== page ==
Finish the raw edges of the bag body, bag bottom and pocket pieces with a simple zig zag stitch. For more options and information on seam finishes, read our tutorial: Finishing Raw Seams: Part One – Sewing Machine Finishes.
The pocket and pocket flap
- Turn under ½" along all four sides of the pocket and press.
- Top stitch ¼" from the fold on the top edge of the pocket.
- On the right side of the pocket, center and pin a 2" piece of Velcro ½" from the top finished edge.
- Fold the pocket flap piece in half and press. Unfold so you can see the crease. On the right side of the fabric, center and pin the other side of Velcro ¼" below fold line of pocket flap. Edge stitch both pieces of Velcro in place.
- Fold the pocket flap in half lengthwise, right sides together, and using a ½" seam allowance, stitch both short sides and the top, leaving a small opening at the top to turn.
- Clip corners. Turn right side out. Poke out your corners so they are nice and sharp, using your finger or a blunt edge tool, like a large knitting needle. Press. Edgestitch along the two sides and bottom fold. Your edgestitching should run just to the side of the Velcro. The top remains un-edgestitched.
- Pin pocket to the bag body, matching up the design.
- Edge stitch the pocket to the bag, along both sides and the bottom, leaving top open. Remember to stop with your needle in the down position and pivot at each corner. This will create a nice, 90˚ angle.
- Pin the pocket flap to bag, matching the fabric designs and lining up the Velcro pieces.
- Edge stitch along top of flap.
The bag body
- Fold the bag piece right sides together and pin the long side.
- Using a ½" seam allowance, stitch this long side together, stopping 3" below top.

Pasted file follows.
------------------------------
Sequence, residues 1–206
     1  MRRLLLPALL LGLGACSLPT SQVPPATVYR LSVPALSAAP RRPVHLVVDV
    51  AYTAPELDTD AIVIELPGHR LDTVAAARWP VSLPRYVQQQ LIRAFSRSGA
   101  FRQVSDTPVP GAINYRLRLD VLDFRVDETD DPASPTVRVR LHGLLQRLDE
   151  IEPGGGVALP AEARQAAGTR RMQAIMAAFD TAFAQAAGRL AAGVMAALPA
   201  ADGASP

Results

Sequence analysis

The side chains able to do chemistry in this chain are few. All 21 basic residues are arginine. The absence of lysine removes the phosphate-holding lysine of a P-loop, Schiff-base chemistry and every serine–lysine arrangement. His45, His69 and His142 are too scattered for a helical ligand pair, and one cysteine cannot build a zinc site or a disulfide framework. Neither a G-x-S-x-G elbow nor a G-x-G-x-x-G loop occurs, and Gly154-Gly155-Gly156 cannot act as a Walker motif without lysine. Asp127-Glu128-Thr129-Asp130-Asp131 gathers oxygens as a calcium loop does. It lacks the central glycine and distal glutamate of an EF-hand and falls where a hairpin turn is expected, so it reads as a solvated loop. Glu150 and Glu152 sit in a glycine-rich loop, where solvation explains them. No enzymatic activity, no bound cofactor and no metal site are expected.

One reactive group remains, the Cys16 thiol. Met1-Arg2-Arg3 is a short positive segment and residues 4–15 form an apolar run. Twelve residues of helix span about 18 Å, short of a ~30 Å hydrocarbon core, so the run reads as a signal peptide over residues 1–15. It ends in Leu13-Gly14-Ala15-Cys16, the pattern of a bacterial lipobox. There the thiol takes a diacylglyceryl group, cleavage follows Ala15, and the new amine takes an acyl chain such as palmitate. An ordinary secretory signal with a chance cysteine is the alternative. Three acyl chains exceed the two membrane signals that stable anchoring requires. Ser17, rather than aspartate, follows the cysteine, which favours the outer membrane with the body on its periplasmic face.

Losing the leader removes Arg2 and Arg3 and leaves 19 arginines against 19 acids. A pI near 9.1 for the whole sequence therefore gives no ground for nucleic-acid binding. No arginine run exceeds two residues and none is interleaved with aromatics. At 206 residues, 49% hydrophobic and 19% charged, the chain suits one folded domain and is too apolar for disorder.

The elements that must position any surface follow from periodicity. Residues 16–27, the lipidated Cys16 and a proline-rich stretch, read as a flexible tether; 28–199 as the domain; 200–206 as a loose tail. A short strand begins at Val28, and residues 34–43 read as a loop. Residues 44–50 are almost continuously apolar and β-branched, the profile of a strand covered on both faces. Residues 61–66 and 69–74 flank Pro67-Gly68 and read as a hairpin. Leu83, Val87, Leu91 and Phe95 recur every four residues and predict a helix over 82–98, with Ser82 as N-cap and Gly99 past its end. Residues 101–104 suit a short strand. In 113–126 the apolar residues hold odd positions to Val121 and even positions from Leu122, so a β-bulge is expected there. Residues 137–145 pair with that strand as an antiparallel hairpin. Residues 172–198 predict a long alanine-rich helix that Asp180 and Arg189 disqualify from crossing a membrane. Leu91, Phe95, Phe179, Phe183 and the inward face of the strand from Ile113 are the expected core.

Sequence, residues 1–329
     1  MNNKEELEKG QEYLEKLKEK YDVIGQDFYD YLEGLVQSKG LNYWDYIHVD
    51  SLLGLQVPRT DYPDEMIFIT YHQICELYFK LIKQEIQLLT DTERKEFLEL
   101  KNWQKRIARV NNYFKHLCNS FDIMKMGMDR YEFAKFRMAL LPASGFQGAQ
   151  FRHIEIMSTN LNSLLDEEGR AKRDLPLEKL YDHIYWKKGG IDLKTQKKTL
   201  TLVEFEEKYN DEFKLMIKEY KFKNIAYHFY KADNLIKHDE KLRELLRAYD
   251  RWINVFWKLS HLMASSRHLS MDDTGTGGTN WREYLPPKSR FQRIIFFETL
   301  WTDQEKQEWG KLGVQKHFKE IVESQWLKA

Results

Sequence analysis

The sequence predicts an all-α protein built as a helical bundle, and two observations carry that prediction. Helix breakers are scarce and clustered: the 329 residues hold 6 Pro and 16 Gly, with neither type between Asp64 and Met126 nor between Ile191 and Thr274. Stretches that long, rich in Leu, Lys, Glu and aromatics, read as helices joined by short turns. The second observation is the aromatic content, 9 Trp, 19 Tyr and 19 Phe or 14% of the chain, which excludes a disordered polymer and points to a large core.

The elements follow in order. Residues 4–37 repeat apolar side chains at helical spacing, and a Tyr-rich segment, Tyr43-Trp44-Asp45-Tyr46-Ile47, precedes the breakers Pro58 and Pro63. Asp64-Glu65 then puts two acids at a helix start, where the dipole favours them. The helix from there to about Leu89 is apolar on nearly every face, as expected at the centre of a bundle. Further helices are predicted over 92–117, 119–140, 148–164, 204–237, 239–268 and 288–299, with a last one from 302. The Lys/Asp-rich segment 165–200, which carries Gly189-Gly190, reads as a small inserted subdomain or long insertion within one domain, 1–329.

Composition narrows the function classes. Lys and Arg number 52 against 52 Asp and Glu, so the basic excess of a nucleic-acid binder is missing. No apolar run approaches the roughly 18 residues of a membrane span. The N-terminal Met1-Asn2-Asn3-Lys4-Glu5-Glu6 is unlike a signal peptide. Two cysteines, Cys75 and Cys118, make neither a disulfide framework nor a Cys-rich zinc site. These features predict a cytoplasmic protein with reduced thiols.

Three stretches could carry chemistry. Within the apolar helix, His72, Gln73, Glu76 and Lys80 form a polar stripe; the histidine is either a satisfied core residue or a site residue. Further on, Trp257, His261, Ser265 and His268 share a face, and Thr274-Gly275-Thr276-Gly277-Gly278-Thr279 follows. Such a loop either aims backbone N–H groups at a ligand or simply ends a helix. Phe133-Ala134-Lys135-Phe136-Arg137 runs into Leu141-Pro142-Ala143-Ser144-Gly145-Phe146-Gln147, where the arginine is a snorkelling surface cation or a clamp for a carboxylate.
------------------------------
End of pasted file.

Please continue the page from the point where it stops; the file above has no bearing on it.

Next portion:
- Press seam open, including the very top of the seam that you left unstitched.
- Turn the bag right side out.
- Stitch down the seam allowance at the 3" opening, along both sides and across the bottom. This will become the finished opening for the cord casing.
The cord casing and strap
- To make the cord casing, work with the bag right side out.
- Turn down the top raw edge of the bag ½" and press. Turn down another 1" and press again.
- Top stitch close to bottom folded edge to secure.
NOTE: If you are worried about keeping your seam precise, turn the bag inside out and stitch from the inside so you can see the folded edge and use it as a guide for your foot. Just make sure that you have matching thread in your bobbin because when stitching from the inside, it's your bobbin thread that will show on the front.
- To make the strap, take the 36" x 3" piece and fold it in half lengthwise, right sides together.
- Using a ½" seam allowance, stitch both sides and all along the bottom, leaving about a 2" opening to turn.
- Clip corners. Turn right side out and press, making sure the opening seam allowance is pressed in to match the finished seam. Slip stitch opening closed.
- Make sure bag is right side out. Pin one end of the strap to the bottom of of bag, centering the end over the bag seam.
- Stitch strap in place. Stitch again two more times to reinforce.
Finishing bag bottom and strap
- To attach the bottom of the bag, turn the bag body inside out and pin the bottom circle to bag, right sides together.
- Stitch all around, using a ½" seam allowance. Stitch around again to reinforce.
- Turn bag right side out.
- Fold under the top of the strap 1½" and then fold under again 1½".
- Line up this folded edge just under the drawstring opening. The top of the fold should align with the bottom stitch line of the drawstring opening.
- Pin in place, then stitch and pivot to create a square of stitching to attach the strap to the bag. Reinforce by stitching an X inside the square.
- Attach a safety pin to one end of the cording, and feed it through the casing. Tie a knot at each end. You could also finish with a purchased cord stop.
Project Design: Alicia Thommas
Sample Creation & Instructional Outline: Jacqueline Smerek
Other machines suitable for this project include the Bernina activa 220 and the Elna 3230.